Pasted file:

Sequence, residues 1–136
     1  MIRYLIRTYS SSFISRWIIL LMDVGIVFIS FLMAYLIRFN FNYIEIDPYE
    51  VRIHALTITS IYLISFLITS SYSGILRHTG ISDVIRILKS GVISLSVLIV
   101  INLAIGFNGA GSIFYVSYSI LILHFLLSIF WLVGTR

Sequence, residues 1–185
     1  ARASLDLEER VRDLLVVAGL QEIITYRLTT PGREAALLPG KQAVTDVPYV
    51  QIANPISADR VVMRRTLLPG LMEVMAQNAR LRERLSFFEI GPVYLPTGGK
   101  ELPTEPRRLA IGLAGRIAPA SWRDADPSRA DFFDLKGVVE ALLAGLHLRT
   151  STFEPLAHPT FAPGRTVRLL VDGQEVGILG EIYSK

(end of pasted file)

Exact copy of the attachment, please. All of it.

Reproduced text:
Sequence, residues 1–136
     1  MIRYLIRTYS SSFISRWIIL LMDVGIVFIS FLMAYLIRFN FNYIEIDPYE
    51  VRIHALTITS IYLISFLITS SYSGILRHTG ISDVIRILKS GVISLSVLIV
   101  INLAIGFNGA GSIFYVSYSI LILHFLLSIF WLVGTR

Sequence, residues 1–185
     1  ARASLDLEER VRDLLVVAGL QEIITYRLTT PGREAALLPG KQAVTDVPYV
    51  QIANPISADR VVMRRTLLPG LMEVMAQNAR LRERLSFFEI GPVYLPTGGK
   101  ELPTEPRRLA IGLAGRIAPA SWRDADPSRA DFFDLKGVVE ALLAGLHLRT
   151  STFEPLAHPT FAPGRTVRLL VDGQEVGILG EIYSK